Maybe my gut instinct wasn’t as bad as I thought. Take a look at this handy map from the Philadelphia Inquirer:
I grew up in that little sliver of Delco that flipped from Romney to Trump. I now live in the blue part of Bucks County. It’s not unsurprising to me that where I grew up flipped Trump. There’s a lot of working class union guys in that area, but they vote more independently of their unions if the candidate is right. Bucks County union guys, on the other hand, seem more inclined to vote with their union leaders, which you can see in Lower Bucks remaining blue. The solid blue places in Delco near the city are formerly white working class and were, as of a few decades ago, reliably Republican. As more people have moved out of the city, it’s gotten more solidly Democratic. That’s the part you see up against the city.
Montgomery County are almost all upper-middle class to stinking rich folks, not turning red until it gets farther out form the city. I’m not surprised there hasn’t been much change there. But the blue definitely pushed farther out.
In Bucks, Lower Makefield and Doylestown Township both flipped from Romney to Hillary. The parts of the Main Line that are upper-middle class to filthy rich all flipped from Romney to Hillary (that’s the dark blue part which you see going through Chester County, with the blue part actually following the rail line which built the Main Line). Chester County as a whole went blue this election, which they did for Obama once, but not a second time.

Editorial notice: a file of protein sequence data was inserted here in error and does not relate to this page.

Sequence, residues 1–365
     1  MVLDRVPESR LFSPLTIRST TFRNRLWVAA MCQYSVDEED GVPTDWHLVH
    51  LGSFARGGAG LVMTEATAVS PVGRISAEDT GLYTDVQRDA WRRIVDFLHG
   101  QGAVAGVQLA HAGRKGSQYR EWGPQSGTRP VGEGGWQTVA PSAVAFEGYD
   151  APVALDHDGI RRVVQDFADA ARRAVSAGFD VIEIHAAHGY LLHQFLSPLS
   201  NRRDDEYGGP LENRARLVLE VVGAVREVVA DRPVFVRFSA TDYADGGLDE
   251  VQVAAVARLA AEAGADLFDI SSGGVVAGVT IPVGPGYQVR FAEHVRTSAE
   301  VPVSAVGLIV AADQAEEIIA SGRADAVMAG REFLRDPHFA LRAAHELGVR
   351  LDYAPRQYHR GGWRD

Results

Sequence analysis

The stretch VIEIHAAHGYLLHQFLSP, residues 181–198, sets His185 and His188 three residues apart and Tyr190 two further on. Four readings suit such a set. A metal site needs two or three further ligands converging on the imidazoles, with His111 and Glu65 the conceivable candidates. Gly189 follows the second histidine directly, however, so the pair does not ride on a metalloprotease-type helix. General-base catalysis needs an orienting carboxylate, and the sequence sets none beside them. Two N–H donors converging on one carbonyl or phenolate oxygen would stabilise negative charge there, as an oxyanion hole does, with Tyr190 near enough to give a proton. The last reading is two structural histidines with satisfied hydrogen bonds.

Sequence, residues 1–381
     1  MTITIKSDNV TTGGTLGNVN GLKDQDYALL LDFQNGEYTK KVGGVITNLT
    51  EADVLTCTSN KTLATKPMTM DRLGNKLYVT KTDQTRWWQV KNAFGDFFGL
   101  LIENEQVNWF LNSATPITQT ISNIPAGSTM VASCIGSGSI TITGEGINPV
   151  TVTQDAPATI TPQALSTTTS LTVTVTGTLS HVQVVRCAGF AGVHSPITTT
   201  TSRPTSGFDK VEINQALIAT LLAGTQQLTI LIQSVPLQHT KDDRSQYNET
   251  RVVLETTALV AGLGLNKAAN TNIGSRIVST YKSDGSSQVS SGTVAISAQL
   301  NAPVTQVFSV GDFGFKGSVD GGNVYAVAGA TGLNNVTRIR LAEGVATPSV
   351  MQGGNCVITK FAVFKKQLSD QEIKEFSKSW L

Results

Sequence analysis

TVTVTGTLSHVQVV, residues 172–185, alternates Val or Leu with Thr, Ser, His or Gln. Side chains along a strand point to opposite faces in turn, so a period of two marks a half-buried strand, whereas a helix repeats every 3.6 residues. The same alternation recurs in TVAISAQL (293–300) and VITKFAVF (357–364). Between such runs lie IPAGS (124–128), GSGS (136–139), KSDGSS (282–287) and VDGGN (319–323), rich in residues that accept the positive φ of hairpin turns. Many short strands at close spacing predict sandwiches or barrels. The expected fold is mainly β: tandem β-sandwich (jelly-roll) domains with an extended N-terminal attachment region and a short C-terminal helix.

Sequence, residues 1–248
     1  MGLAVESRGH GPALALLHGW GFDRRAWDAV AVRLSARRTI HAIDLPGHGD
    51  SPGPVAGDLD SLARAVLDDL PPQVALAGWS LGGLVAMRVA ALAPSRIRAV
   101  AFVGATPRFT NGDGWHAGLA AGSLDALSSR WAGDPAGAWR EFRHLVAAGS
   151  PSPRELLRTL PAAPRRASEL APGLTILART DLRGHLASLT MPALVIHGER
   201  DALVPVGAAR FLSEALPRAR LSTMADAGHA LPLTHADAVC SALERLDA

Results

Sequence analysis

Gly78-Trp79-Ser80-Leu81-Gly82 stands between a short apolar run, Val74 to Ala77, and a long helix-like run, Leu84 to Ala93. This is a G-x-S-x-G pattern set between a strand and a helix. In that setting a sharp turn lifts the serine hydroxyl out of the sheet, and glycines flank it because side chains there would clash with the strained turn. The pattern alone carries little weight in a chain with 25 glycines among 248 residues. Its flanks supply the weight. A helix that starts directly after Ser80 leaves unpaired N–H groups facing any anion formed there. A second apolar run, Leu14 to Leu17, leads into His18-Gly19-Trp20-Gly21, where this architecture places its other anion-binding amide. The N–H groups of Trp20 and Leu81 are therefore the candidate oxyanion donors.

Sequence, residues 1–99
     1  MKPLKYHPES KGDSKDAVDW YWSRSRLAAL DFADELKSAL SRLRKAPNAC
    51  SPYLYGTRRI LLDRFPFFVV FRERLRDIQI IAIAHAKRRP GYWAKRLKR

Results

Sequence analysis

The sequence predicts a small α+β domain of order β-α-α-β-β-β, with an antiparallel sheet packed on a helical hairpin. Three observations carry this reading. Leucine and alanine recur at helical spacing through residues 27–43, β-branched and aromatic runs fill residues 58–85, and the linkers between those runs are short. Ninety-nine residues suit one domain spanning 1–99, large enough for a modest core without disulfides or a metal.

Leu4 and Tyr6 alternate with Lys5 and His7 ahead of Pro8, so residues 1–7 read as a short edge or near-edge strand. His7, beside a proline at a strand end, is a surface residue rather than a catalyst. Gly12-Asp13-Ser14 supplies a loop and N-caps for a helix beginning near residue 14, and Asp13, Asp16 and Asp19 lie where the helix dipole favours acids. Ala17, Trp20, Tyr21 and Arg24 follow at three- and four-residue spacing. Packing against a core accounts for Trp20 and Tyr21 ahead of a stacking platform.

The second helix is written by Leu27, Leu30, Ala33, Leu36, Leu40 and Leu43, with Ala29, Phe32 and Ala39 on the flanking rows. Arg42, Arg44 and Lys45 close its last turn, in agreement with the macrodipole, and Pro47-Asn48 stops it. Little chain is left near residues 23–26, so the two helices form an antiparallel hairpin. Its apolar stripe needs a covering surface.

Across all the ring counties, the places that switched have one thing in common: lots of highly educated, upper middle class white people. The filthy rich neighborhoods have been blue since the first Clinton left office, and the suburban GOP political machines fell apart.
Pennsylvania didn’t go red because the burbs liked Trump. It went red because turnout in Philly wasn’t as high as the Dems needed to outvote the rest of the state, and the people in the T, who have been absent for a while now, actually turned out to vote this time. If trends in the ring counties continue, Pennsylvania will continue to solidify as a blue state, with the GOP getting less and less competitive in the suburbs. You T people better keep turning out if you want to keep your gun rights.